Extrusion Screws for Thermoplastic Composites
By Timothy W. Womer Xaloy Inc. Introduction There are two different areas of screw design for thermoplastic composites: the screw design which is being used to make the thermoplastic compound and the screw design which is used to process the compounded thermoplastic. This paper mainly discusses the latter of the two types, but many of the issues arepertinent to both. The use of various fillers and additives, which are compounded into thermoplastic resins, has become more and more prevalent in recent years in the plastics industry. The addition of fillers such as talc, mica, calcium carbonate and nanoclays can increase the stiffness and/or strength and the utilization of various plastics. These fillers have also had an effect on theperformance and life of the equipment that processes them. This paper will discuss some of the issues that these composites have on the screw design, plus screw and barrel wear. Screw Design Most screws used in the extrusion of thermoplastic resins primarily deal with the issues of feeding, melting and pumping of the resin. Feeding the Polymer Melting the Polymer In the feed section of the screw wheresolids conveying takes place, the feeding mechanism for a thermoplastic composite may be quite different from that of the very same thermoplastic polymer without filler. The most important aspect of screw geometry affecting melting is the volumetric compression ratio. This is determined by the change in channel volume that takes place in In the solids conveying function of the screw, the most criticalphenomenon is the relative coefficient of friction (COF) of the polymer. In the feed section there are three different coefficients of friction at work: the COF between the pellet and the barrel wall, the COF between the pellet and the screw root and the COF between pellet and pellet. Although a given polymer may feed very well in the in the neat, or unfilled, state, the addition of fillers oftencauses a considerable change in its COF and, therefore, in the screw’s solids conveying performance. For example, any time mica is the filler or additive in the base material, the COF drops dramatically. Therefore, the screw may need to have a longer feed section of constant depth in order to develop enough feed pressure before material enters the transition section or barrier section. Also, toenhance the solids conveying of such a material, it might require changing the temperature profile by raising the temperature in the first barrel zone to increase the COF between the pellet and the barrel wall. This would allow the polymer to start to tackify or stick to the barrel so that it can be conveyed forward. Poor or unstable solids conveying will translate directly into low throughputrates and cause significant surging of the process.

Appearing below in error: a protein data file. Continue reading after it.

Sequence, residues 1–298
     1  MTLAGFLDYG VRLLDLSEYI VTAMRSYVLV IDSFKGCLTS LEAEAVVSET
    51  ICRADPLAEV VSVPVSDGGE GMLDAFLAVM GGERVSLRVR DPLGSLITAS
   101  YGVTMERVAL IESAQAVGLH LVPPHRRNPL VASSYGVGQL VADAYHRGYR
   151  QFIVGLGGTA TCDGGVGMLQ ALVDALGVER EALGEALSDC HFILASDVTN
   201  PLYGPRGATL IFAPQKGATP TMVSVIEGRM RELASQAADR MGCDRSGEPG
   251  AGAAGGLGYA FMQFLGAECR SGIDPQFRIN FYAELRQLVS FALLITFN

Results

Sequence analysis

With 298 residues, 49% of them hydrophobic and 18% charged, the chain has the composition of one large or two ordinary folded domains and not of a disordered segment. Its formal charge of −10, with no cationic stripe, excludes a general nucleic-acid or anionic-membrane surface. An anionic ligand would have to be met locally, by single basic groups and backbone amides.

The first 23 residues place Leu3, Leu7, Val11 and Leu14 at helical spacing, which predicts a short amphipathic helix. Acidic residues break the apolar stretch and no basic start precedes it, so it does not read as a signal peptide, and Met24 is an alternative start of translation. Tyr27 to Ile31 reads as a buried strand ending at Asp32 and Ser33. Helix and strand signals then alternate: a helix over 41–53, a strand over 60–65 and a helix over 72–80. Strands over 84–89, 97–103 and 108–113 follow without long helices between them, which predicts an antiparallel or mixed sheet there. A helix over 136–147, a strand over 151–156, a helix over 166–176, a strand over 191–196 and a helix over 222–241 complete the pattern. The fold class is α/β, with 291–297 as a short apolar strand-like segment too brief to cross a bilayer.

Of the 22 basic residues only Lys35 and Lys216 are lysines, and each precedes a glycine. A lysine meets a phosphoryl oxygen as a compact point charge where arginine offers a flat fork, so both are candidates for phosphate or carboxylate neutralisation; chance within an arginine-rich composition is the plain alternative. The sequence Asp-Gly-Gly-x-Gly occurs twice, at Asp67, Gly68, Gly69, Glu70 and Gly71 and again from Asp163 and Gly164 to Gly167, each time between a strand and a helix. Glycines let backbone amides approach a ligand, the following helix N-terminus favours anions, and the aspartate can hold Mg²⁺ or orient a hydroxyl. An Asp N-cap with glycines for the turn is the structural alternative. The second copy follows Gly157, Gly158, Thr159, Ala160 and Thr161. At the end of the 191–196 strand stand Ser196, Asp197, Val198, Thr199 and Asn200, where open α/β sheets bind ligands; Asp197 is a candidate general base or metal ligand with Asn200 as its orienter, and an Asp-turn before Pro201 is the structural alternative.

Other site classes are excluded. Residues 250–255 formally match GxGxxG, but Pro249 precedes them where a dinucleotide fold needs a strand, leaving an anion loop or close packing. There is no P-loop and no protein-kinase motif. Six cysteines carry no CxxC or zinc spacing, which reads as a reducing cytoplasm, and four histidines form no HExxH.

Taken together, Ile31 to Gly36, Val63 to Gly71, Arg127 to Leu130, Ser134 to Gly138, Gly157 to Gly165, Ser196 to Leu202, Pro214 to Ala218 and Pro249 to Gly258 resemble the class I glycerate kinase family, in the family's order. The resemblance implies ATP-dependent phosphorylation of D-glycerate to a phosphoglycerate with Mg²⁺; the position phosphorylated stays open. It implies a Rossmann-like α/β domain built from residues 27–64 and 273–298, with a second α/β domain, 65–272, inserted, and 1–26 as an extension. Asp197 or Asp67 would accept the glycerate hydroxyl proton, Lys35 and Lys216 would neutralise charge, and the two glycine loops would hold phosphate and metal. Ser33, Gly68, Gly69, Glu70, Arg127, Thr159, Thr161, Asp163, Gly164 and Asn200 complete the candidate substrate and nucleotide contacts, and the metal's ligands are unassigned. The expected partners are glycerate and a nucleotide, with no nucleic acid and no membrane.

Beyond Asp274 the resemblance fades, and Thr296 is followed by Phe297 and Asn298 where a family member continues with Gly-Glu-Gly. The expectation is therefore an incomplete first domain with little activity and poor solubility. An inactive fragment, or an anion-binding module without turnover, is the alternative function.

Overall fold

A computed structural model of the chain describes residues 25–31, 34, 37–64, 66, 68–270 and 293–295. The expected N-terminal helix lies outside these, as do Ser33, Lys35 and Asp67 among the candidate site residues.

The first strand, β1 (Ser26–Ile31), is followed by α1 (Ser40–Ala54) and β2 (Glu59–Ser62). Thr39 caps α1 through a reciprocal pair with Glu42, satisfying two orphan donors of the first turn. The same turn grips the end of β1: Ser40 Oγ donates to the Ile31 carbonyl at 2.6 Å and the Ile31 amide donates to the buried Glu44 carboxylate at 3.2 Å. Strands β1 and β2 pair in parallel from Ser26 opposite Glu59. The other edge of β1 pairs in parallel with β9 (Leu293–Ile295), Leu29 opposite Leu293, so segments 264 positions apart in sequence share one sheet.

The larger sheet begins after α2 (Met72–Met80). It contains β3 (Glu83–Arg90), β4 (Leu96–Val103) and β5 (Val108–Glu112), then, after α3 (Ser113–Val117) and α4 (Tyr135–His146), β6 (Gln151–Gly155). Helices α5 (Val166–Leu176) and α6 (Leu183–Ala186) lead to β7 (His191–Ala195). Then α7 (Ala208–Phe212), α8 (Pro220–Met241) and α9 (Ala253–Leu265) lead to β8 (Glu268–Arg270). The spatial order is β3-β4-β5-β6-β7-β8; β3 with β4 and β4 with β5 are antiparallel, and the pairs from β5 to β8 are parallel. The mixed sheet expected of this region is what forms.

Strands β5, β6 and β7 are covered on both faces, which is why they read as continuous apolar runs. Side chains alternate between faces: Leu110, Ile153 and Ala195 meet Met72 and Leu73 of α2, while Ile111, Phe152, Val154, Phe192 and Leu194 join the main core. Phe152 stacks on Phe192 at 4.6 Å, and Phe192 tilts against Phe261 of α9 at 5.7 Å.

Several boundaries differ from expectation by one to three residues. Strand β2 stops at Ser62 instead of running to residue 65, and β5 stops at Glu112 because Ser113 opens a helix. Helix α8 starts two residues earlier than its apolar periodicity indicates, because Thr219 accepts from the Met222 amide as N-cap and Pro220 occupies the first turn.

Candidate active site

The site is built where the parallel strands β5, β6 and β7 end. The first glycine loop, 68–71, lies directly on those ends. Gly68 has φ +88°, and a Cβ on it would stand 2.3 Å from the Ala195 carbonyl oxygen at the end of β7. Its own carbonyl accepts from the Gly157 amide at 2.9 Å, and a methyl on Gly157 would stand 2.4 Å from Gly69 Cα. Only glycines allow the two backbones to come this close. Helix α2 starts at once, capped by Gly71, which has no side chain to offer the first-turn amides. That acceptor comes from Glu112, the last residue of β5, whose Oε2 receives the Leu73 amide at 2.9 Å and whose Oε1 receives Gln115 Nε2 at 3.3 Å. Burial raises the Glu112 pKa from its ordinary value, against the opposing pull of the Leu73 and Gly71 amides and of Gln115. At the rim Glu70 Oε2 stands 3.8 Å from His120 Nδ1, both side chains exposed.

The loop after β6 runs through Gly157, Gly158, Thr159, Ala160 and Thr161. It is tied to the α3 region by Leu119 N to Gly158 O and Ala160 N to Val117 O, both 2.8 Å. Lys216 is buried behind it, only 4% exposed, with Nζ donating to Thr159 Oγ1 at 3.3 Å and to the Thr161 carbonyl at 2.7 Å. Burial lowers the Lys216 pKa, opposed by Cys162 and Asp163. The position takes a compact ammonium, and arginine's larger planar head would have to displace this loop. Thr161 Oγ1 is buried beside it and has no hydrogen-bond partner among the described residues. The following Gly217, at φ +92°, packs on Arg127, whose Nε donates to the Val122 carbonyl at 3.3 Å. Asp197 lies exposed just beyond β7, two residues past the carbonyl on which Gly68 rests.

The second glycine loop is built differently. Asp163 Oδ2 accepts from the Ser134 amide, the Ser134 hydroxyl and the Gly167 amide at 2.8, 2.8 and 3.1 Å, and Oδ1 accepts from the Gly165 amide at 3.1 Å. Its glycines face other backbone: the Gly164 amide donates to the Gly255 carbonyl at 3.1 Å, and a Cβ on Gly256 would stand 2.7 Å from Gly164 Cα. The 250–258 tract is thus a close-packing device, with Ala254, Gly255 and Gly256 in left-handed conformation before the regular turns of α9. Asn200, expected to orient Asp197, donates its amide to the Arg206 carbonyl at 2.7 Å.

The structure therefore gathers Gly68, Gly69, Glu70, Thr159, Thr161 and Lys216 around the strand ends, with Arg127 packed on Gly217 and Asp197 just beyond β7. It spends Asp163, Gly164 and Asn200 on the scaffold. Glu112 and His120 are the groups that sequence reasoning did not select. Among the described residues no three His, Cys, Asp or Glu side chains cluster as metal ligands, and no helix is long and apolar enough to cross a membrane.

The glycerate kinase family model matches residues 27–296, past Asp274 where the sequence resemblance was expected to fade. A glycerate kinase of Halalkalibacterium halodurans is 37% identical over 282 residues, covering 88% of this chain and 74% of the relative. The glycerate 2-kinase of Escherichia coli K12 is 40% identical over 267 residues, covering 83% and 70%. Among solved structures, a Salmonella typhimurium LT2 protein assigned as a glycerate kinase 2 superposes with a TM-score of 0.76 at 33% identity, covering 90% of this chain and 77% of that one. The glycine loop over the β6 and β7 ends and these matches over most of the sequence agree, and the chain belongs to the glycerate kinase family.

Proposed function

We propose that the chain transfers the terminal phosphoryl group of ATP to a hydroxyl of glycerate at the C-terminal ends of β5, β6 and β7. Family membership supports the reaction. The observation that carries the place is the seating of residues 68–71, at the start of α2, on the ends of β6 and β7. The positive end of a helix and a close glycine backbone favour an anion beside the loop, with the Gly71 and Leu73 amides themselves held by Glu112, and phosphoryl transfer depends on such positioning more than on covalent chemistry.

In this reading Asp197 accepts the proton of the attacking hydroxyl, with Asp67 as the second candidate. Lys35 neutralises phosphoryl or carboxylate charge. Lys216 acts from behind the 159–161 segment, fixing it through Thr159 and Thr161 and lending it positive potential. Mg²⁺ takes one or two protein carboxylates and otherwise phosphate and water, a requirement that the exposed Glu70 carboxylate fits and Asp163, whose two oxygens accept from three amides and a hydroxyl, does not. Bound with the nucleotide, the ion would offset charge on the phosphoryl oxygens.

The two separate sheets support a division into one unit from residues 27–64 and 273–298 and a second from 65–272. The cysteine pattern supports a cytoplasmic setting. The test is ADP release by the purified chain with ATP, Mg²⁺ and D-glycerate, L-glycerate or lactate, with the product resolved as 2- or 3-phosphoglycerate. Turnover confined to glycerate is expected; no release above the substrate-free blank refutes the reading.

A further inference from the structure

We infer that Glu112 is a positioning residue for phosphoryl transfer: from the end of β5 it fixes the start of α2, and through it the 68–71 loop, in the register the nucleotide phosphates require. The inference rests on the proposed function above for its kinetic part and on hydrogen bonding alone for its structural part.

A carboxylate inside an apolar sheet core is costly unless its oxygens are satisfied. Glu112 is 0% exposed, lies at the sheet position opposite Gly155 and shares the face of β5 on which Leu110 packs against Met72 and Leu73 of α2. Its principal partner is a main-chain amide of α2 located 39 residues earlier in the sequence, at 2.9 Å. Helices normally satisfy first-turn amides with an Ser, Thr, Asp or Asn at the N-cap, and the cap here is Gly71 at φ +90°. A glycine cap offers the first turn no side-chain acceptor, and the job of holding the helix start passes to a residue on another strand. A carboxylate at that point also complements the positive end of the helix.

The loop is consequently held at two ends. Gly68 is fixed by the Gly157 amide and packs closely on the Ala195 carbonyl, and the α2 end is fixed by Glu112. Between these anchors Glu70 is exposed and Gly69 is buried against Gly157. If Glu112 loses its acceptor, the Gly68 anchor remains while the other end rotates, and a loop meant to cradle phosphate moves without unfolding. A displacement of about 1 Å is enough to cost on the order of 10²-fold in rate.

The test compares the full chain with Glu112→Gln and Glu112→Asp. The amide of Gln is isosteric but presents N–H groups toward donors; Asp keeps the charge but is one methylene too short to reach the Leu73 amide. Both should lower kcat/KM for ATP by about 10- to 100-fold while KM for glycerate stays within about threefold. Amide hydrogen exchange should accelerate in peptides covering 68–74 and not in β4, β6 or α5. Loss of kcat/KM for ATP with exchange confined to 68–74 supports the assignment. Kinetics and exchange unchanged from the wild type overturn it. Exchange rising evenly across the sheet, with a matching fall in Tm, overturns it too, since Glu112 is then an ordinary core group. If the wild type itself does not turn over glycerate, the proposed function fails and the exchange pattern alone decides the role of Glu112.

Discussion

the transition section or barrier section of the screw, which is typically located directly after the feed section of the screw. When fillers are added to resins, it increases their specific gravity. For example, a neat, or unfilled, 2 MFR polypropylene has a specific gravity of 0.92, whereas the same polymer with 40% talc filler has a specificgravity of 1.24. This is an increase of 35% in density and also a 40% reduction in the amount of polymer that needs to be melted during processing. Since the filler is taking up volume in the screw channels and does not melt, compensations must be made in screw design. As mentioned, since the filler does not typically compress or change its volume due to temperature change, the channel depths musttake that fact into account. For example, the screw for an unfilled polypropylene typically has a the volumetric compression ratio in the 3.5 to 3.75:1 range, versus 2.75 to 3.25:1, depending on screw size. for a 40% talc-filled polypropylene. In the case of a barrier-type screw, for a thermoplastics composite, the design must take into account not only the channel depths but also the barrier...
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